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Archive for December, 2010

Pat Bradley, North Country bureau chief for WAMC Northeast Public Radio, covered the release of Bloom in a Dec. 15th story.  To listen to the full story, follow this link to their New York News page.  Bloom will next be aired on Vermont Public Television in late January of the new year.  Check our screenings page for details on dates and times.

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The National Educational Telecommunication Association (NETA) will be distributing Bloom nationally in 2011.  This means that all NETA membership, PBS stations will have the option to broadcast Bloom next year. NETA is a professional association that serves public television licensees and educational entities in all 50 states, the U.S. Virgin Islands and Puerto Rico.  The nonprofit NETA corporation is a membership organization with 92 members representing 94 public broadcasting licensees.  We will keep you posted as national broadcasts are scheduled.

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BLOOM Producer Vic Guadagno and Executive Producer Jon Erickson were interviewed by Thom Hallock on Mountain Lake Journal, the weekly PBS newscast of the Adirondack North Country and Champlain Valley regions.  The interview aired on the eve of the broadcast premiere of BLOOM on Mountain Lake PBS, and coincided with news reports on the signing of Opportunities for Action by Vermont, New York, and Quebec – the new five year strategy document for cleaning up Lake Champlain.

To view the interview as part of the 30 minute December 2nd broadcast of Mountain Lake Journal, go to:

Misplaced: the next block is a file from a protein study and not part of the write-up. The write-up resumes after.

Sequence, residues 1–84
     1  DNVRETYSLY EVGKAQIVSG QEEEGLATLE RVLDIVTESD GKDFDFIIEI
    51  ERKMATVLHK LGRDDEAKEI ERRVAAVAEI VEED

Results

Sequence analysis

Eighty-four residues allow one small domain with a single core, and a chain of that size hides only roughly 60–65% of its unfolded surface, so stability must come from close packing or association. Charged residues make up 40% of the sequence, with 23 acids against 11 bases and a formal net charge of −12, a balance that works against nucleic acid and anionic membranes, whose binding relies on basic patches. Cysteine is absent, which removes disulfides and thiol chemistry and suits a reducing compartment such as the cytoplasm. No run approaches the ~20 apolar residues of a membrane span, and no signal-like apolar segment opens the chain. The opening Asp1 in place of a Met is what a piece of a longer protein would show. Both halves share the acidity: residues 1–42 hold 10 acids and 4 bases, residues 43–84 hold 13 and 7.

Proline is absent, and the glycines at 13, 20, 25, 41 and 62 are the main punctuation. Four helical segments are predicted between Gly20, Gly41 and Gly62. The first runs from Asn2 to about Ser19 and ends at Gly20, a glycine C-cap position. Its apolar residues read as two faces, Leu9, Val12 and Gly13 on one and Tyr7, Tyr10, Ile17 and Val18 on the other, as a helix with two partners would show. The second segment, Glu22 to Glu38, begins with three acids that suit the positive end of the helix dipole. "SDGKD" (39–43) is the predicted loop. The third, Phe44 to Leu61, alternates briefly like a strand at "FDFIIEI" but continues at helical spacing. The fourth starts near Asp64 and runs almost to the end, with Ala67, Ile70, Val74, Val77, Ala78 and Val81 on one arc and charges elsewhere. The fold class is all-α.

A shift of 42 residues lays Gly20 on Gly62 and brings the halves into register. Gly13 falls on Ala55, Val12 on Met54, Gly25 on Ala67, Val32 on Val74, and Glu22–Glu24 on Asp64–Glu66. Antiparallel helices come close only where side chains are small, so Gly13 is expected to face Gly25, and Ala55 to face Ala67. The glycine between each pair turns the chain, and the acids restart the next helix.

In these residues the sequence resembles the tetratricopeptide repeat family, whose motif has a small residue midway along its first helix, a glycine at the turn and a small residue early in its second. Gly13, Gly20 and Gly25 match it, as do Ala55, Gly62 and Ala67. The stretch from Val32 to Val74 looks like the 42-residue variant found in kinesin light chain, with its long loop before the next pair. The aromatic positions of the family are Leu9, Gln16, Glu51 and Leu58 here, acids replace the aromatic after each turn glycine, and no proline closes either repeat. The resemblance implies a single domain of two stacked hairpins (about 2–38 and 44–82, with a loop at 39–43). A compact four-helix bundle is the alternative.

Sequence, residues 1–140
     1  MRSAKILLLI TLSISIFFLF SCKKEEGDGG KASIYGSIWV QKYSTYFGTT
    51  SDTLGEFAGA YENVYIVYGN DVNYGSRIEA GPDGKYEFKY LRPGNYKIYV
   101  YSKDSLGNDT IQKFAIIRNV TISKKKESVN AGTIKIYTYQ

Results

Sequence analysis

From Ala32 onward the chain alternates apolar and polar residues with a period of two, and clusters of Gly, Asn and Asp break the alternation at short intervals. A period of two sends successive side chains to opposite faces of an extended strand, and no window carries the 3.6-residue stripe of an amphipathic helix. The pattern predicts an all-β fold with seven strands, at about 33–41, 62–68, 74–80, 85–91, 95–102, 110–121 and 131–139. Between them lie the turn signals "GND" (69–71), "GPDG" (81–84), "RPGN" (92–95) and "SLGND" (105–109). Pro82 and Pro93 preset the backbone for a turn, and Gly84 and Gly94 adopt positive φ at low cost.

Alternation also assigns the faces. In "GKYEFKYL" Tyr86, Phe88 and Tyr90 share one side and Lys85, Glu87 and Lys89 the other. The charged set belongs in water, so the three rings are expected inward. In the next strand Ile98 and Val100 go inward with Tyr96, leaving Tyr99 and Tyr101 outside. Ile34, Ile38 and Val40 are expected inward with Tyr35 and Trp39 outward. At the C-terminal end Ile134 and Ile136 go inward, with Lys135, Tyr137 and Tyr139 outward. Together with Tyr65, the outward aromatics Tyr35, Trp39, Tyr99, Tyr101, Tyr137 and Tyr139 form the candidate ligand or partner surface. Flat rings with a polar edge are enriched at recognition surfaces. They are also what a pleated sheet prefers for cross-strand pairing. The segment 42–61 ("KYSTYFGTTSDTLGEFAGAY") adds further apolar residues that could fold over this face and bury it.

http://video.mountainlake.org/video/1680749951/

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Headline …

New documentary draws attention to Lake Champlain’s algae blooms

Listen to the full story on North Country Public Radio online.

Also, NCPR re-aired a 2007 production on farming and water quality in the northern end of Lake Champlain. From NCPR online …

Lake Champlain is back in the news this week, as politicians from New York, Vermont, and Quebec signed a new compact aimed at cleaning up the lake. Phosphorous pollution has been a growing problem for decades, triggering noxious and potentially toxic algae blooms. A new film about the problem, called Bloom, airs tonight on Mountain Lake PBS.

Listen to the re-airing here.

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Film Focuses Attention on Lake Algae
by Jeff Myers
Plattsburgh Press Republican

PLATTSBURGH — A new film focusing on the health of Lake Champlain offers a grim look at what the film’s producers call a “lake in decline.”

“Bloom, The Plight of Lake Champlain” examines several factors that may be responsible for increased levels of blue-green algae throughout the lake. Blue-green algae is a potentially toxic plant that has attracted growing concern over the past few summers.

“There’s been a lot of news coverage of algae blooms, but the news has been more about the blooms themselves and less about the causes,” said Jon Erickson, the film’s executive producer.

FRUSTRATION

Erickson, a professor and managing director for the Gund Institute for Ecological Economics at the University of Vermont, hopes the film can become an “entryway for discussion about the root causes” of increased algae growth in the lake.